Angela Clarke 



A series of pastel drawings using the typographic names of the 'SIREN'S from Homer's Odyssey as a starting point for mark making and colouration of the image.


     Contemplation I

in pastel

Contemplation is a series of eleven drawings, each one represents a day of life. They are assembled here as one photograph, but also exist as separate drawings. The pastel marks are a repetitive and act as a catalyst for remembrance and contemplation on the transitory nature of life. 

PAUSE  2007

Pause I 

in graphite 10cm x 18cm

Pause II  2007

Pause II

in graphite 18cm x 10cm

Pause are a series of small scale drawings that relate to moments in between, breaks from the larger scale, experimenting with the directional pull of the mark.



Pastorale is a small body of work that explores the opportunity to have a ‘time of grace’, and to explore what this could bring to the work. It is a series comprising of square paintings of different scale, that challenged the balance of both the content and the craft. as within the chinese tradition of the Yuang dynasty, they go beyond representation  and the visible world. The have become a means of conveying the inner landscape.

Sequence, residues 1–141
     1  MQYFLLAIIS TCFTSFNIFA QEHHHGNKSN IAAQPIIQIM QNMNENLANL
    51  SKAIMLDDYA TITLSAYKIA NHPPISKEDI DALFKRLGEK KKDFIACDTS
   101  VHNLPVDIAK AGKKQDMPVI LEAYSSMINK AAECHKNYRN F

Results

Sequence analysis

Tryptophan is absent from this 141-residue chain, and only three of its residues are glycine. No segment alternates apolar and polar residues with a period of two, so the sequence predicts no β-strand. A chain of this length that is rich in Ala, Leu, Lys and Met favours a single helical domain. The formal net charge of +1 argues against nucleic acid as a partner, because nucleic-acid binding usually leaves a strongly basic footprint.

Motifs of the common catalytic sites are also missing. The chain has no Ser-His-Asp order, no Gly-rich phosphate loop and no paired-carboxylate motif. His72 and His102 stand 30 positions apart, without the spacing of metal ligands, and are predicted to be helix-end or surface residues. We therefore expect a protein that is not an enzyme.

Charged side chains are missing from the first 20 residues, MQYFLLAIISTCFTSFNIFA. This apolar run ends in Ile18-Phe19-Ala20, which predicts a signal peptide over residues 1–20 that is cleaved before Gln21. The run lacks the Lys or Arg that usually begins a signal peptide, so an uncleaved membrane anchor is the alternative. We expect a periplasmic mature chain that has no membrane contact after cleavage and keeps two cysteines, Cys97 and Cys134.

Horizon introduces an element of distance into paintings, the notion of having an horizon, and what that would mean in terms of a concept for a painting. It has necessitated a need for a fundamental change in direction, namely to explore the realm of Landscape. Horizon can be described as a line at which earth and sky appear to meet; a perspective, a point of view.This perspective would seem at first as if it could be definable, and yet on closer inspection would change. This could be at times a subtle shift of tone or mark, and at others quite dramatic particularly when viewed from a different position. Some elements of the paintings/drawings would get lost and merge with others whilst others would come to the fore.




    in oils 150cm x 150cm

Journees are a series of twenty explorations of the surface of the square canvass, a response of the touch through the paint. Looking at the tonal shift from one colouration of mark and gesture to the next as they cover each area of the square, and fading towards its edge.

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